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UCD Landscape Architecture, Fieldwork & Strategies and the Great Willow Weave

UCD Landscape Architecture, Fieldwork & Strategies and the Great Willow Weave

Written by Sophie Maltzan, (opens in a new window)Fieldwork & Strategies

In 2010, UCD landscape architecture students left their studio drawing desks for the first time. Instead of designing on paper in the studio, they went out to interact in the city instead. Under the direction of Sophie Gräfin von Maltzan, the students go out and work at 1:1 scale in the city, preferably with the community. The each- way learning between students and community as they “explore” the neighbourhood together is immense. 

In the summer of 2016, Phibsboro Tidy Town approached Sophie’s practice, (opens in a new window)Fieldwork & Strategies. They had received €500 funding for building a memorial for Phibsboro teenagers who were shot during the Easter Rising. After spending several weeks exploring Phibsboro and the community’s expectations from a memorial, the students came up with several proposals.  With funding promised by Croke Park, UCD and Dublin City Council, they began planning the “Great Willow Weave” with the residents.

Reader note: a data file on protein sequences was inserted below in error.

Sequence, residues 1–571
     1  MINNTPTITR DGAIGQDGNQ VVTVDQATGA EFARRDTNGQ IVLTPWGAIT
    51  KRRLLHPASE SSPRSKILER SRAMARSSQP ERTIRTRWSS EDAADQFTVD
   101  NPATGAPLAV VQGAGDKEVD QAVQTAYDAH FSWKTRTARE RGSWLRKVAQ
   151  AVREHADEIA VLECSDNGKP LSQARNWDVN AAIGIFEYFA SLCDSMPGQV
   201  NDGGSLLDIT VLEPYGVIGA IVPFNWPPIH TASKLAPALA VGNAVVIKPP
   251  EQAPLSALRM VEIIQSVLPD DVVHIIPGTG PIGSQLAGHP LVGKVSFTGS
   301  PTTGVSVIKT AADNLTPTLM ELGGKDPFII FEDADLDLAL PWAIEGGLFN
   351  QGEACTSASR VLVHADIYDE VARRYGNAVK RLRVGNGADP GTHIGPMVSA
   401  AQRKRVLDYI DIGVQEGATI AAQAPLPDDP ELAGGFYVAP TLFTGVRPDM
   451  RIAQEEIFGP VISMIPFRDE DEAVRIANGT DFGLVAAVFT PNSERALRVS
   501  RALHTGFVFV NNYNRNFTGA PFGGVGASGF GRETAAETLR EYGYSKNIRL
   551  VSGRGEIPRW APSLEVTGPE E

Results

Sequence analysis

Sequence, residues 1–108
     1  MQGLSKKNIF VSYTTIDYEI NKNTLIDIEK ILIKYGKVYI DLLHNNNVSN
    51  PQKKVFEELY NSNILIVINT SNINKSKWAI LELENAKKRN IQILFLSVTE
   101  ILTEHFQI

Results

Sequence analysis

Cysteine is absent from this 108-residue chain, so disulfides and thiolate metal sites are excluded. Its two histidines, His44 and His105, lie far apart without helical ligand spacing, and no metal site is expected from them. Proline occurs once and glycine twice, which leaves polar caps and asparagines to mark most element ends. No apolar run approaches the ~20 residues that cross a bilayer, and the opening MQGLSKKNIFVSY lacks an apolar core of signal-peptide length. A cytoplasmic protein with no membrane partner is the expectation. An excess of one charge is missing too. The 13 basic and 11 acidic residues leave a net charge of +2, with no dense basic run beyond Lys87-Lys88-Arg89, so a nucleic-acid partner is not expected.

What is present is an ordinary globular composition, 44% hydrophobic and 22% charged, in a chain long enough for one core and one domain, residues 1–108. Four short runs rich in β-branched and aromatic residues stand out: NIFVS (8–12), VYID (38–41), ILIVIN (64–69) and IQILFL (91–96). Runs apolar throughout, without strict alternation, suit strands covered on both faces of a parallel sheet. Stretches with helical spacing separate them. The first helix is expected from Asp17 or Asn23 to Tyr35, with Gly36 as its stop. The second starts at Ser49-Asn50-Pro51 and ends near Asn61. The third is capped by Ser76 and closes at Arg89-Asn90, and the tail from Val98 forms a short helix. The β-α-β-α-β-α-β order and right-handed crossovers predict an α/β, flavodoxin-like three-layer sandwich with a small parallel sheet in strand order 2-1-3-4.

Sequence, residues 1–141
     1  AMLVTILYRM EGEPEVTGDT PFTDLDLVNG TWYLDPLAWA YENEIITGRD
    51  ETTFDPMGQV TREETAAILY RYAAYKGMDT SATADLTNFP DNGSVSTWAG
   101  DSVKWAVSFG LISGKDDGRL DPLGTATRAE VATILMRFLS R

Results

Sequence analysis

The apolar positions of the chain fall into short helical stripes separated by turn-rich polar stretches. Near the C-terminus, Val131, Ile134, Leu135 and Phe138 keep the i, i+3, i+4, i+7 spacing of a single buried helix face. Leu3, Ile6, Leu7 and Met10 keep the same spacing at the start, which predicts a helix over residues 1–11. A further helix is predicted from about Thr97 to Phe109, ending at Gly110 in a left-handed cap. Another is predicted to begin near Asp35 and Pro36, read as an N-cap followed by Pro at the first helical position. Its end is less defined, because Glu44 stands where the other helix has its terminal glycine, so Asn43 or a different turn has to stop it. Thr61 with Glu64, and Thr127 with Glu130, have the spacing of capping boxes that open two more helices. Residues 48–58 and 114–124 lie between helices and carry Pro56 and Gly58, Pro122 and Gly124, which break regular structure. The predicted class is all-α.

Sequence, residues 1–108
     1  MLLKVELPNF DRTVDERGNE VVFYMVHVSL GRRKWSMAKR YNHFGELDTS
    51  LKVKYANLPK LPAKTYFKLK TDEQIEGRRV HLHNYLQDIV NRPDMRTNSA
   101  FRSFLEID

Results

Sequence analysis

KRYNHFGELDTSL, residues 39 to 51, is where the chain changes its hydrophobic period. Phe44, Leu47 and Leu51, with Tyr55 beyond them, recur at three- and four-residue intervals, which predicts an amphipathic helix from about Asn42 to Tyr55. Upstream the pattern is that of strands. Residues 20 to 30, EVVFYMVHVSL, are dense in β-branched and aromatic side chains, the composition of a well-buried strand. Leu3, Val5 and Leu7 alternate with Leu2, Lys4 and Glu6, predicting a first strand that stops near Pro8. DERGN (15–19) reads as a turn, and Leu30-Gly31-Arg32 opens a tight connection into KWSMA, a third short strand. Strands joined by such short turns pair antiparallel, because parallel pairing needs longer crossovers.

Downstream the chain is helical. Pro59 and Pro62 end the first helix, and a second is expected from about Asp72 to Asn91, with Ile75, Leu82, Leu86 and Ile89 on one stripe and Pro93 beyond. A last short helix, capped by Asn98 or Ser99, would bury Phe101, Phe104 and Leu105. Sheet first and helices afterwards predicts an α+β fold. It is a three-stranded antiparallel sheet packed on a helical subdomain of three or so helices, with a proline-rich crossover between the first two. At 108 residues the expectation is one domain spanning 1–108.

Willow weaving workshop dates were set for the middle of June 2016, posters printed and put up in every shop window in Phibsboro by Phibsboro Tidy Towns, who also invited local primary schools to take part. 6 UCD students, several local residents and over 200 school children built 10 willow sculptures in Great Western Square over one week. At the weekend, the UCD students and Sophie held a fete over 2 days in conjunction with Phibsboro Tidy Towns. There were local musicians, games, weaving dreamcatchers, headbands, Brigid’s crosses and Harvest Nuts with Newgrange Willow Design. Originally the plan was to leave the sculptures up for 4 weeks but the residents association asked the students to leave the sculptures for longer. Over the following months, the group of students under the guidance of Sophie, came back to the Square every fortnight to monitor the project and gradually took down the sculptures as they decayed over the months. Every time much to the resistance of the community. Especially the local children who visited the park every day were upset. The group did repair sessions with the residents between the end of June 2017 and end of January 2018. Nonetheless, the sculptures gradually decayed as they were built to be ephemeral.

The group then did a door-to-door survey on the Square asking the residents if they would like another Willow Blitz. With the answers positive, they built another 8 sculptures in June 2018 with over 400 local school children. The materials for the project were financed by Dublin City Council. There is potential for this to be an open- ended temporary project going forward. The process was participatory, playful, open ended, inventive and spontaneous.  This is an excellent example of students and organisations being involved in a grassroots, community project.

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